500 Words On The Importance Of Humility
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Student Life

500 Words On The Importance Of Humility

Put aside the spotlight and learn to say "thank you."

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500 Words On The Importance Of Humility
Debra's Kitchen

In a world where it seems as though pride is handed through the pleats of colored ribbons, medals, and framed papers of accomplishment, being humble can be hard. As little kids we’re taught to do nothing but climb the ladder of success, we put one foot above the other and visualize our future self with a bolded title of “you made it!”, and we forget that most of the time we owe our success to the people around us. I’ve been in countless offices where framed diplomas hang - reflecting that person’s hard work and countless caffeinated nights, my friends have walls of soccer/swimming/debate awards, each stacked from year-to-year like a yearbook of past nerves and screaming joy, and even my own room is plagued with awards as little as perfect attendance to a crisp graduation diploma from high school.

However, it’s tantalizing to remember that varsity jacket letters, glassy plaques, and metallic awards won’t mean much if you lack humility. If someone tells you “good job” or “congrats”, do you take it as a chance to explain your own achievement to revel in the glory just one more time, or do you say a deep-rooted thank you? Victories and songs of triumph feel good when they’re done with the image of you. Everyone knows it and craves it all too well: the rush of adrenaline pumping through your body pairs perfectly with the way the lights are lit up with your name, and it’s you you you for the few eccentric moments of glory of whatever you’re doing. Maybe it’s your last race of the season, or getting the best grade on an anticipated speech in front of your class, or finally getting that job promotion. With each success, it’s not your perseverance nor your talent that’s only being tested, but it’s your humility as well.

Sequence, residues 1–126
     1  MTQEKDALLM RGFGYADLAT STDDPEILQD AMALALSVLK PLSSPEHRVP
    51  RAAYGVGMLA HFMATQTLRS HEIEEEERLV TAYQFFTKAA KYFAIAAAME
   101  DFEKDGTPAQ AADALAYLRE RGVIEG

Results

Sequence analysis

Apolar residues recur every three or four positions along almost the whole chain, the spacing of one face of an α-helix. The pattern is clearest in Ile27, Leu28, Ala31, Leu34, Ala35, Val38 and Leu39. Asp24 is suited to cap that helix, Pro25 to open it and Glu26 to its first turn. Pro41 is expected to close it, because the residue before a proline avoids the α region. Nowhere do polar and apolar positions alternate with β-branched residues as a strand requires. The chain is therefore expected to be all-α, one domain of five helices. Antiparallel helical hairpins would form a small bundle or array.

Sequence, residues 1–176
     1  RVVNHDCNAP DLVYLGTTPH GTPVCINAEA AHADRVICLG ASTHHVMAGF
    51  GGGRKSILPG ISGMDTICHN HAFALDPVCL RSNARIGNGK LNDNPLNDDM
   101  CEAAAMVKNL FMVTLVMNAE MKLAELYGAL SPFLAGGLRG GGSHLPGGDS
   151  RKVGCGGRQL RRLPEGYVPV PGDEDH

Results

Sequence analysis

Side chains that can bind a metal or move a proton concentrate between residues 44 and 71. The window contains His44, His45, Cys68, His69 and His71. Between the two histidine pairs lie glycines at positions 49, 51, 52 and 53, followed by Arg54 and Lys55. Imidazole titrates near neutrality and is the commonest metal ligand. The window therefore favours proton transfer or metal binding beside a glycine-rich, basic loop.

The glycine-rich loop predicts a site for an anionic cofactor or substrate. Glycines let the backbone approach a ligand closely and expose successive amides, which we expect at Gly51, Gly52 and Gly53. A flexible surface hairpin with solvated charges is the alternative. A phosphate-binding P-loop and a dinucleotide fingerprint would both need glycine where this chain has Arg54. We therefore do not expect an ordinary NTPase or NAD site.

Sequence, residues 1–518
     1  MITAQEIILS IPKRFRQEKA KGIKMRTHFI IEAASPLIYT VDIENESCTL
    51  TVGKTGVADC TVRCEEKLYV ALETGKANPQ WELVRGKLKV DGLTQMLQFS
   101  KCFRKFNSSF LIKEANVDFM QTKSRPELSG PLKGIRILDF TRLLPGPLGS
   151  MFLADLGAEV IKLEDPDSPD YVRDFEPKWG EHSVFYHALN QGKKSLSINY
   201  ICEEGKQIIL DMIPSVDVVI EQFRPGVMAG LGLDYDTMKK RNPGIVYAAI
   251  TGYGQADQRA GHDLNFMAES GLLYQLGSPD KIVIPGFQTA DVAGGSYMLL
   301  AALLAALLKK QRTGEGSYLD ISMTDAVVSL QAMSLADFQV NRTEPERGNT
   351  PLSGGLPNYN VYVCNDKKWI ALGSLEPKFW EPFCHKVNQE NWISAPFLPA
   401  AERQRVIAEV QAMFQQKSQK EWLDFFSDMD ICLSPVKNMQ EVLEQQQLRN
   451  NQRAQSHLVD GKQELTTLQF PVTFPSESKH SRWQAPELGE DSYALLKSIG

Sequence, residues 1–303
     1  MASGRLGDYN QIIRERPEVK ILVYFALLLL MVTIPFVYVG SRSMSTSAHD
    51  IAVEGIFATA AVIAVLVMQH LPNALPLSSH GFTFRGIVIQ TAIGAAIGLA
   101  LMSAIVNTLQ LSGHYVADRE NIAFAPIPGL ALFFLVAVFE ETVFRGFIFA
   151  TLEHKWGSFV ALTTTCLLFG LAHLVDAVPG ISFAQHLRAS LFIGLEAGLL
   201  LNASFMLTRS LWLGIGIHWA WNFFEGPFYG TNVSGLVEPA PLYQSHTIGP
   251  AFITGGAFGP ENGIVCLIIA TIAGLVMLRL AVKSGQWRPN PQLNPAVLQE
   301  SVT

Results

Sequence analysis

When you see the people around you, you don’t usually see their shadow outlined by each of their achieved goals and successes, you see them for the kindness, humor, and intelligence that lives in their heart. And when you congratulate them again and again on whatever they went above and beyond on, they shake their head and say thank you with the grace of someone who’s truly learned from failure but doesn’t live in its confining walls. We live on the short golden string of life with our arms stretch out by our sides to help keep our balance, and when we look down we don’t to just see our man-made accomplishments. We want to see the moments of kindness that has bloomed from the shiny and not so shiny moments of our time on this earth.

The difference in someone who’s humble lies in their ability to choose between doing something for the praise of others or for their own experience. Humility doesn’t feed off the compliments and tagged pictures of award ceremonies, it trudges through failures with open minds and outstretched patience. Humility doesn’t put it’s nose in the air nor does it stem from self-pride. Humility branches from the ability to say “thank you.”

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This article has not been reviewed by Odyssey HQ and solely reflects the ideas and opinions of the creator.
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